Pickle Juice, Justin Timberlake, and Amanda Frietag could save you from a common start-up fail: Trend-Setting.

We talk a lot about innovation because, it’s so important, and that momentum really is acutally what keeps your business alive. A relatable theme to innovation is trendsetting, and to take that one step further: trend starting. A trend starter is at the front of the line, stepping over it, before others recognize that there’s a line at all. This unknown territory is risky because not only are these trend starters tasked with all of the startup elements necessary for success, they’ve now got to create pathways and educate the market; both incredibly expensive. Early entrance is difficult, expensive, time-consuming, and when the inevitable competition comes along, you’re going broke, and they’ve only just begun.

That Doesn’t Mean You Should Give Up

There are ways trend starters can make the market work for them, so if this is your fate, we’ll talk about how you can become the big DILL in your market. David Millar, the founder of Bob Pickle Backs and Bob’s Pickle Pops is a shining example of a trend starter who is making the market work for his business, which happens to be pickle juice. David’s businesses sell premium pickleback juice in a myriad of flavors, along with pickle pops. David is an ArtCenter College graduate and has hyper focus on the packaging, presentation, and marketing of his brands. This marketing and business savvy, along with proof of sales, execution, and (very importantly) a sales team has helped David to avoid the dreaded “Inventor’s Syndrome”. He figured out early on, as he puts it, “buyers “don’t care about your what – they care about what it can do for them” and he is so right. This mindset has, without a doubt, saved him from catastrophe because rather than being obsessed with his creation, he puts his focus on getting it out there in the ways that mean something to his customers.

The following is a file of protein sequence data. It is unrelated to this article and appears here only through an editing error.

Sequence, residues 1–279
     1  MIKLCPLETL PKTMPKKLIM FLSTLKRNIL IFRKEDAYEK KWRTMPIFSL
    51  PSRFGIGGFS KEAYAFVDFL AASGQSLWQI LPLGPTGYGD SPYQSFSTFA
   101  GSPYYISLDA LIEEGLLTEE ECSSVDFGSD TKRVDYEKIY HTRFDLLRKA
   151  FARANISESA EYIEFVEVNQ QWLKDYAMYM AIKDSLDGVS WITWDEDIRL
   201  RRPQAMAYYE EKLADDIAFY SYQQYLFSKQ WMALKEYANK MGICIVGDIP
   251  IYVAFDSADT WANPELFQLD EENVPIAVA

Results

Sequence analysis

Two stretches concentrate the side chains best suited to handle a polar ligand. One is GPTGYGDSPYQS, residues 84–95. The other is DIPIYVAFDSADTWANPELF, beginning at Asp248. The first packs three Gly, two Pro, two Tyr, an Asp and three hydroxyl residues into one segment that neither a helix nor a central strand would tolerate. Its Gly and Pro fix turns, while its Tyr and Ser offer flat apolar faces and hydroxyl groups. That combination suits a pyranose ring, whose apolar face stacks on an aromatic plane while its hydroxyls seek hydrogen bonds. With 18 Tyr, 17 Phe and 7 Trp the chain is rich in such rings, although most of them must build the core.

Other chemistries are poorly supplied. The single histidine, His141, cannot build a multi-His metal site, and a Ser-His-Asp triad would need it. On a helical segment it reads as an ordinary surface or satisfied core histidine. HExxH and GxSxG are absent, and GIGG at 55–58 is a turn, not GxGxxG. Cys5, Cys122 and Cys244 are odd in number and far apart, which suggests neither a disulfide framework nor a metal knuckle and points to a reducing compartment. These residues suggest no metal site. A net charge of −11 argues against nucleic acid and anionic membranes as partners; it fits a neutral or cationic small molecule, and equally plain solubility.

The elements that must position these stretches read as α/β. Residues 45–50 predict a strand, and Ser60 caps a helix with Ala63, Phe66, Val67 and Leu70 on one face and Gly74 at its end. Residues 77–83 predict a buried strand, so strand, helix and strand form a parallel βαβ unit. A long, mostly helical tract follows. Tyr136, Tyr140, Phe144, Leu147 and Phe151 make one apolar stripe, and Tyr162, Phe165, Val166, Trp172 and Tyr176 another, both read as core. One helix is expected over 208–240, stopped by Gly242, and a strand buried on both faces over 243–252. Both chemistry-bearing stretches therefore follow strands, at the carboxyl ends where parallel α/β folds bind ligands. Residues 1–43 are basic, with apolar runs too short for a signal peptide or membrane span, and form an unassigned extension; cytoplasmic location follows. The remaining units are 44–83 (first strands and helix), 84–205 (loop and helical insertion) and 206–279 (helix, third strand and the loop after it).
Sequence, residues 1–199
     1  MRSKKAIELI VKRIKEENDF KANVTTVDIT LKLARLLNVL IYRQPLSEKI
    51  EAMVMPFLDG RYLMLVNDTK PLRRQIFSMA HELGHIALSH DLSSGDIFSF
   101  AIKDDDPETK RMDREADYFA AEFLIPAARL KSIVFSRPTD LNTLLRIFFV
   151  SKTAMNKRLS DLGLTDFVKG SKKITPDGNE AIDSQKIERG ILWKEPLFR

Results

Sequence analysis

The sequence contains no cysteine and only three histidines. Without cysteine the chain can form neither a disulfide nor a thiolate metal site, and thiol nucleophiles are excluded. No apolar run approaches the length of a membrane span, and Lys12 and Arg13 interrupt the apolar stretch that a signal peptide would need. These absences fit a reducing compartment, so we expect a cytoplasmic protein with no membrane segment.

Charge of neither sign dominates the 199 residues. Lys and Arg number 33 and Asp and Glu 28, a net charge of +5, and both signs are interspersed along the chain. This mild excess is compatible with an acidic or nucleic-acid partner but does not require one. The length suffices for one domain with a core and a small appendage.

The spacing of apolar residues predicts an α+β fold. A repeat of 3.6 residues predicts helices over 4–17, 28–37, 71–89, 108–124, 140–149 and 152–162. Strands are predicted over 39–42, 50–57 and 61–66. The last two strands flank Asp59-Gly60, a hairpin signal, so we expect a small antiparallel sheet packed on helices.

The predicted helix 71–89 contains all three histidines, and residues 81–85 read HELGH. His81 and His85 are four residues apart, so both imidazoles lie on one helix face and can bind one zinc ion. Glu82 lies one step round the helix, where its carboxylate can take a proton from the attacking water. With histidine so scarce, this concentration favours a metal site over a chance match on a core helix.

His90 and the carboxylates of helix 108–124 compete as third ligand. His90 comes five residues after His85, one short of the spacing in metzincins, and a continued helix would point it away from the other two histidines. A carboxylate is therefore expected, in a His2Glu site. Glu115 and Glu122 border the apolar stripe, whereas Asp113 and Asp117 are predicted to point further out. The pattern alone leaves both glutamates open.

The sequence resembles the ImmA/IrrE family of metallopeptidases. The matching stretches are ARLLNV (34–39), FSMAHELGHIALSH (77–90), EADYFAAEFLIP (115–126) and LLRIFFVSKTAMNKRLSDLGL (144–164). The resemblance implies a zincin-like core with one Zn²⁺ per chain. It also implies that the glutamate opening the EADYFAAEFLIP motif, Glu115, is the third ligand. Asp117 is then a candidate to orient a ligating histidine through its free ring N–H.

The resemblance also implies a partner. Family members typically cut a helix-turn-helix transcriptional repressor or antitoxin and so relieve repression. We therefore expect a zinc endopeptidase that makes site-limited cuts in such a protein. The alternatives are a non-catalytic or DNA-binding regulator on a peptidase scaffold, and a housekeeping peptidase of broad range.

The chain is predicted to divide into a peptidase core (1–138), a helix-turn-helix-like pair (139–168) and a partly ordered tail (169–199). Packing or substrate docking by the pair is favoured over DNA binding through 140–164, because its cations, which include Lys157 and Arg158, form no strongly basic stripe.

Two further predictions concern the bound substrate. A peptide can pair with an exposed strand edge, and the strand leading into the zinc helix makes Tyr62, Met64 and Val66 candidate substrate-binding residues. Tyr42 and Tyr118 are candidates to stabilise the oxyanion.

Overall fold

Have You Tasted The Elixir?

Justin Timberlake loves the briny juice, and even tipped a waitress in NYC $100 for sourcing some pickle juice and making him a drink. When David heard this, he knew he would use this viral story to promote his brand. Something a trend starter has to learn to do, if they want to truly capitalize on the market without draining their resources is exactly this; look for connections that already exist and spend time researching new potential connections that can be used to promote, promote, promote.

According to David, it seemed the more he did right, in terms of promoting, the more serendipitous events kept happening around his brand. If it wasn’t JT sipping and tipping in NYC, it was the pickle pop being featured as an ingredient on Chopped, or chef Amanda Frietag enjoying one on national television. Get it right, good will follow. For trend starters, get it right, get it out there in organic ways, and good will follow.

Avoiding the Plague

Inventors Syndrome, Trendsetter Fail – whatever you want to call it, it’s real. David has such passion about his brand, but that isn’t why he’s successful. Passion and focus are not enough. You need the team, proof, and skills that will make the brand successful – that and a couple of serendipitous encounters with Justin Timberlake, Chopped and, Amanda Frietag.


Read the original INC article published on June 8, 2017.

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